Fry dug up the original ethnographic sources Pinker used for his data on war deaths among foragers. What he found is astounding: “For two of Pinker’s cases,” Fry writes, “the Ache of Paraguay and the Hiwi of Venezuela/Colombia, all of the so-called war deaths involved frontiersmen ranchers killing the indigenous people, a tragic situation that has nothing to do with levels of warfare death in nomadic hunter-gatherers during the Pleistocene” (emphasis in the original). Clearly incensed at Pinker’s shamelessness in presenting these murders as representative of ancestral conditions, Fry continues, “To be absolutely clear, the only so-called war deaths reported [among the Hiwi] are those where indigenous people were murdered or massacred by Venezuelans. All of these killings have been counted as so-called war deaths [by Pinker], as if they have relevance to estimating war-related deaths in the Pleistocene” (p. 17, emphasis in original). In summary, Fry writes, “The degree of disconnect between what the archaeological and nomadic forager data actually show, on the one hand … and what … Pinker assert[s] on the other is monumental” (p. 20).
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While this evidence of politics posing as science may seem like just another ego-driven academic dust-up, there are in fact few issues more worthy of serious consideration than the source and nature of our inhumanity to our fellow beings.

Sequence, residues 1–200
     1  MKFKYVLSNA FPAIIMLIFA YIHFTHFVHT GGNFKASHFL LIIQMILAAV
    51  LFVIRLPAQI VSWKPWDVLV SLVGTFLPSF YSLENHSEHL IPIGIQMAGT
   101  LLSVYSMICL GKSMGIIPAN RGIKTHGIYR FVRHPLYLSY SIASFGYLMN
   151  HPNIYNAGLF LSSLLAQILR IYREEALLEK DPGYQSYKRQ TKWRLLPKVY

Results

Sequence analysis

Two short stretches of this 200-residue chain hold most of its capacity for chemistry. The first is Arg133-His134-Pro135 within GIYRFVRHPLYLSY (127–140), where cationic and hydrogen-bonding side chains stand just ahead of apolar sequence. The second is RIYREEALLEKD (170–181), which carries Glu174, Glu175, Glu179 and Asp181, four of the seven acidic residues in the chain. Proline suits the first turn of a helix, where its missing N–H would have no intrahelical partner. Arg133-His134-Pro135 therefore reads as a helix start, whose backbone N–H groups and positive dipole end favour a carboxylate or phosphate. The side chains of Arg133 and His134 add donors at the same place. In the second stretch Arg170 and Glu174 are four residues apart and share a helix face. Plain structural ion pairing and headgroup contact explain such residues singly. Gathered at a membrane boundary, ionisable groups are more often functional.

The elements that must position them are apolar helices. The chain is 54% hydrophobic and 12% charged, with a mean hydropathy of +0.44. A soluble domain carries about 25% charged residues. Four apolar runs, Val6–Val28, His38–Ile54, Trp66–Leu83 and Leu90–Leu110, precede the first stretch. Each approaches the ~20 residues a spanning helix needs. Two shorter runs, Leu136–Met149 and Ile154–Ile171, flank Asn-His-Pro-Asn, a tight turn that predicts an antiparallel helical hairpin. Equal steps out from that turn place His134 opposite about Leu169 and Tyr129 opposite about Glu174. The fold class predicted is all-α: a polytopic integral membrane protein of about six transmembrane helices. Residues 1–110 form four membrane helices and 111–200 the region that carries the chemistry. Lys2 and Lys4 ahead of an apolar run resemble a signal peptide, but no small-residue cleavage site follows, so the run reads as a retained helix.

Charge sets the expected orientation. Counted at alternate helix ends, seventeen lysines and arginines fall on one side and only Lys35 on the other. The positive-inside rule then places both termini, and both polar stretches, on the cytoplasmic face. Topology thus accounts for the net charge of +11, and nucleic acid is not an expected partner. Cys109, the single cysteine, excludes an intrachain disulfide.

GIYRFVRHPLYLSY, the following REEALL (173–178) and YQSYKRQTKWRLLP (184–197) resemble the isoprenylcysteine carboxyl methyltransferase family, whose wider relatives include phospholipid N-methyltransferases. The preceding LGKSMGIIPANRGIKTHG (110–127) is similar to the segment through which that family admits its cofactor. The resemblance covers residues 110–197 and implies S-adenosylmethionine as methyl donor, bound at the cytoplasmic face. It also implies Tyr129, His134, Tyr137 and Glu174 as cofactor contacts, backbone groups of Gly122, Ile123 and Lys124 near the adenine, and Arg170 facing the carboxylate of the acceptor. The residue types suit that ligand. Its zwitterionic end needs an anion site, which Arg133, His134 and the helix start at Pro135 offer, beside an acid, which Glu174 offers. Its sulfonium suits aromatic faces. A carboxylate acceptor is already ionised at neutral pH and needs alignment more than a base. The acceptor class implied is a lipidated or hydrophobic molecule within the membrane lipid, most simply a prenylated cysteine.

As long as politicians believe that war is as old as humanity itself, it will seem futile to imagine—and work toward—a world without war. The narrative pushing the ancient origins of violence functions less as an explanation of human nature than as a justification for the oppressive institutional control of social life. If war is the result of human nature, as the neo-Hobbesians insist—despite the overwhelming evidence to the contrary—then these institutions are needed to protect us from one another. But if man’s inhumanity to man is a consequence of the institutions themselves, and in fact, we kill one another despite our inner nature, then it is time we recognized that civilization is the malady that calls itself the cure.
Clearly, like chimpanzees, human beings are capable of horrible cruelty, but like bonobos (and, normally, chimpanzees), we are also capable of astounding kindness and generosity. But do not be confused. Despite the wide range of possible behaviors, remember this: no one has ever suffered from PTSD because they helped a stranger.
January 25, 2015 Originally posted here.